Pinpoint Iron Values on the Internet
Vern Hofman (a North Dakota State University ag engineer, now retired) referred to machinery as the largest liquid asset that farmers could own.
However, he lamented at the time, few farmers fully realized how much that liquid asset was really worth.
That’s understandable. If operators had livestock or stored grain (the other major liquid assets on farms) they could calculate, with a high degree of accuracy, the value of those items due to daily market prices.
Oftentimes, when farmers go to trade in machinery, they enter those negotiations with little more than a vague idea of what their machinery is worth. Believe me, dealers know within a few percentage points what they are willing to give for that iron.
When operators head to auctions looking to bid on a particular piece of machinery, they often guess at current market values based on little more than across-the-fence or coffee-shop anecdotes.
Stale source of iron values
True, there is a source of iron values available in print. But the prices quoted are often based on a sliver of sales for an individual machine. Worse yet, if you look closely, you’ll notice that sales information is stale, often a year or more older. Basing a major purchase or trade-in decision on that information is, at best, risky, since machinery values have been fluctuating widely the last five years and, actually, in just the last five months!
The internet offers you access to both current and accurate equipment value information with just a click of your mouse.
One great source, which is a for-pay service, is offered by Iron Solutions. The website not only provides an extensive listing of current machinery for sale by dealers but also offers a service that will generate an in-depth value report for a specific region based on recent sales of machinery.
The values given are based on data from bona fide dealer sales, auction sales, wholesale transactions, retail advertised pricing, and the selling price of a comparable new machine.
The service uses historical data averaged with the most current rolling 12-month reports to give a normalized average price for each machine.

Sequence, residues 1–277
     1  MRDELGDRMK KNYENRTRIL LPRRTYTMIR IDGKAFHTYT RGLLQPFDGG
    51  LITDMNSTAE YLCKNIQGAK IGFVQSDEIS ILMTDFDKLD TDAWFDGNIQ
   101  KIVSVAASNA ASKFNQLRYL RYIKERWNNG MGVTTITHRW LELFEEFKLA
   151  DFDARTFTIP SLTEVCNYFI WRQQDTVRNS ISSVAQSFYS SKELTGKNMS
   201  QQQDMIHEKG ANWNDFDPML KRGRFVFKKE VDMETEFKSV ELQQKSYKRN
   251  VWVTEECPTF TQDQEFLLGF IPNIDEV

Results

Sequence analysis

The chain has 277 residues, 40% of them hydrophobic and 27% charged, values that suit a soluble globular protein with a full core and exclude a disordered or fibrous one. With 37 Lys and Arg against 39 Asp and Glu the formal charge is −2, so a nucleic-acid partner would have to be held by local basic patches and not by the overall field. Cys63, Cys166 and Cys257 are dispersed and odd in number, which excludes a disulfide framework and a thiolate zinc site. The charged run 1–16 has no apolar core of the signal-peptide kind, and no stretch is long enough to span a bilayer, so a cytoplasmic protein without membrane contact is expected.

Not only that, the report is super accurate. That’s because it’s based on sales that suit your equipment’s specifications (if selling or trading in) or your exact needs (if buying).
conducting your own research
Another internet alternative is to do what I do when preparing the “Machinery Insider” reports for Successful Farming magazine or my “Steel Deals” reports on the Successful Farming Show (on RFD-TV).
An extensive treasure trove of transactional information – either dealer asking prices or auction sales – is readily available online that can be accessed on the computer. That’s how I create the “Pocket Price Guide." Utilizing these online sources provides me with up-to-date values on machinery, vehicles, and construction gear. There is a wide variety of internet sites you can access to derive iron values.
With both of these sites, you’ll want to click on the farm equipment listings and specifically the “Auction Results” button. From there, using these locations is straightforward. You can filter searches not only by the make and model of machinery you are looking for but also by price, hours, sale time (last month, last season, etc.), and equipment specifications. The rbauction.com site offers the added benefit of searching by city location. That site is the largest listing of transactions on construction, industrial, transportation, and forestry equipment in the world.
dealer asking prices
Regarding internet search locations for dealer asking values, here are four great sites:
Each of these locations provides an impressive listing of current dealer offerings. True, these are asking prices, but by comparing them with auction results from the previously mentioned websites, you can create a solid price listing.
John Deere’s dealer site is a particular wonder to use. Its filtering setup allows you to drill down precisely to a specific machine in a specific state.